2008: The Worst Year Ever For Chicago Drivers
Mayor Daley hates drivers.
He has to. There’s no other way to explain it.
Or perhaps it’s just that car drivers are easy to pick on.
Whatever it is, Mayor Daley has body slammed the Chicago driver this year.
The final body blow that left Chicago drivers unconscious, bloody and drooling on the canvas mat of 2008, came Tuesday when the mayor announced the $1.16 billion dollar deal to privatize Chicago’s parking meter system.
The city has been like a fish out of water from a budget standpoint, flopping around on the bottom of the boat gasping for precious air, or in Chicago’s case–hard cold cash.
Luckily for Mayor Daley, Chicago Parking Meter LLC’s billion and change saved the day.
But this billion dollar bailout comes at a price. A price paid by drivers.
It’s no surprise that parking meter rates were going to go up with this deal. But the rate of increase is like electro-shocking an infant. Initially, most meters (the ones that charge 25 cents per hour) are going to quadruple within 12 months. In five years time, parking meters will be charging drivers anywhere from $2.00 to $6.50 per hour depending on your location.
These rate increases will again, most profoundly affect the people who can least afford them–the poor and lower middle class. People with money can always take a taxi, or afford valet parking or a parking garage. While public transportation can be a low cost alternative, many people need a car for work or to transport children.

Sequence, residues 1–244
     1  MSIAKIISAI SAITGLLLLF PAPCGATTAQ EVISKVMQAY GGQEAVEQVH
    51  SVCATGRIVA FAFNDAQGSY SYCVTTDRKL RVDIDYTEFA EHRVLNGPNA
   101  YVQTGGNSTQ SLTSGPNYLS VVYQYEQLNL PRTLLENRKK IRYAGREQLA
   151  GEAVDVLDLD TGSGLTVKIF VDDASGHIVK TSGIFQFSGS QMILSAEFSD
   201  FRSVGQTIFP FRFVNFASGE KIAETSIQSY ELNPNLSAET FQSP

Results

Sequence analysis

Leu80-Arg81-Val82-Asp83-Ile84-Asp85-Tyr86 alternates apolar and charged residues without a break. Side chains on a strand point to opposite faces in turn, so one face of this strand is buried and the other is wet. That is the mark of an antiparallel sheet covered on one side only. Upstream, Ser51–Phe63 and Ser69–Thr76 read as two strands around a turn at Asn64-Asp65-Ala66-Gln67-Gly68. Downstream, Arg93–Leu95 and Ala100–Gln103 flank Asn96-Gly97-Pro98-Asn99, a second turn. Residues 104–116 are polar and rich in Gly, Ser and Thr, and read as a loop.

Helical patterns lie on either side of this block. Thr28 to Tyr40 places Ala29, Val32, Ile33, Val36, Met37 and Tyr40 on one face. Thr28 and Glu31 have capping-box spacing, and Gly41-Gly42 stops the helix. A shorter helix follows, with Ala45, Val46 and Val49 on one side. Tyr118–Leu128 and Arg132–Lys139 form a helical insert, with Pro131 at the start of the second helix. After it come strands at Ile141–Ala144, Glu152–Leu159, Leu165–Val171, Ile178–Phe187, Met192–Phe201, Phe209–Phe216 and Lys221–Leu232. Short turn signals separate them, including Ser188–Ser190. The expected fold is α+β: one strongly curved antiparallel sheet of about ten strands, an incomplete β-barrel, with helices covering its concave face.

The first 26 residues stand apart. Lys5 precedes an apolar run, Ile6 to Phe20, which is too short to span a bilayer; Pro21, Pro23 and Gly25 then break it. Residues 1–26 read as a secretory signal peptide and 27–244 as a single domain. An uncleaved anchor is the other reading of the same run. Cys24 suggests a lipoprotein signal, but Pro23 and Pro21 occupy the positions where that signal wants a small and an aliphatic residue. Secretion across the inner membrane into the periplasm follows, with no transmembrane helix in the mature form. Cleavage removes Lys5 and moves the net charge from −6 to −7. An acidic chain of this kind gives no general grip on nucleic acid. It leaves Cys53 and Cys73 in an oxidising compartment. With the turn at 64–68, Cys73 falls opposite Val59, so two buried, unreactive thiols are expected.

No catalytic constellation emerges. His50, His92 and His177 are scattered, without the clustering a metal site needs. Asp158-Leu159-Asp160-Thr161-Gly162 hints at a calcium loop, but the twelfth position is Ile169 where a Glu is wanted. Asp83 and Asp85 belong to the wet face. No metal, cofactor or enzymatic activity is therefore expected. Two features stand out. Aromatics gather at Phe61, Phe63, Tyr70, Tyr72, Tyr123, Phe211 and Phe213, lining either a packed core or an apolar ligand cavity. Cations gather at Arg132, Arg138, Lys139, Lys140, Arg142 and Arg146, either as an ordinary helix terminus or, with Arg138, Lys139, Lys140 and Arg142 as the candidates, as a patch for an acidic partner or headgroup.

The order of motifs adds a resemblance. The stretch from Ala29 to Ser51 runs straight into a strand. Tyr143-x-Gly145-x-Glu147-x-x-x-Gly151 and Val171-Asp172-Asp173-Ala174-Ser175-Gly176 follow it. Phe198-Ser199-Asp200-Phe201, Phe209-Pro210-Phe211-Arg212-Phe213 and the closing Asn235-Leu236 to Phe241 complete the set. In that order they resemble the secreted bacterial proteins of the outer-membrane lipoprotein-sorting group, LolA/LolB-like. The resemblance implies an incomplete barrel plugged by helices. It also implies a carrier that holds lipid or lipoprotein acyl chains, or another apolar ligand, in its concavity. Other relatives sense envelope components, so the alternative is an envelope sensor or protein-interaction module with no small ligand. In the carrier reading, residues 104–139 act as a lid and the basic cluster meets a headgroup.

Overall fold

These increases will also have an adverse effect on the local economy. Low cost parking meters was a great incentive for people living outside the city to come, visit and spend their money at Chicago businesses. Much like the 10% sales tax, consumers will go elsewhere to spend their cash.
But these increased rates will also discourage city denizens to shop outside their primary neighborhoods. Why drive to that cool new restaurant or boutique when it costs so much to park and you chance a parking ticket every time you drive?
The increased enforcement that is inevitable with this deal will also discourage car travel and thus local spending.
But when you take this parking meter deal, and look back at what else the mayor has done to kick drivers in the ribs in 2008, it’s jaw dropping.
*Lowered the Denver boot threshold from three to a paltry two unpaid tickets.
*An additional 22% premium tacked onto unpaid parking tickets to cover the alleged cost of collections.
*Installing over 50 red light cameras in 2008, with at least another 50 for 2009, 2010 and 2011 reaching a goal of having red light cameras at a minimum of 10% of all city intersections.
*Initiating a plan to install cameras on all city street sweepers to nail drivers parked in violation of street cleaning bans.
*General increases to the cost of parking ticket fines.
*Increased parking enforcement and the planned hiring of 50 new parking enforcement aides.
*Increase in parking garage taxes.
*Converting all 4000 park district parking spaces into metered spaces.
*Adding 1,250 new metered parking spaces to the near west side.
When you look at all these policy changes implemented by Mayor Daley over the past 12 months, you can see that Chicago is the most anti-driver city in the entire U.S.
The truth of the matter is that Mayor Daley and his administration have mismanaged the budget and allowed spending to get disastrously out of control.
To be fair, some cuts were made. But instead of making a sincere effort to control spending, the mayor decided to balance the 2009 city budget on the backs of drivers.
In my humble Parking Geek opinion, the Mayor has unfairly targeted and overburdened the Chicago driver.
I truly hope Mayor Daley picks on someone else in 2009.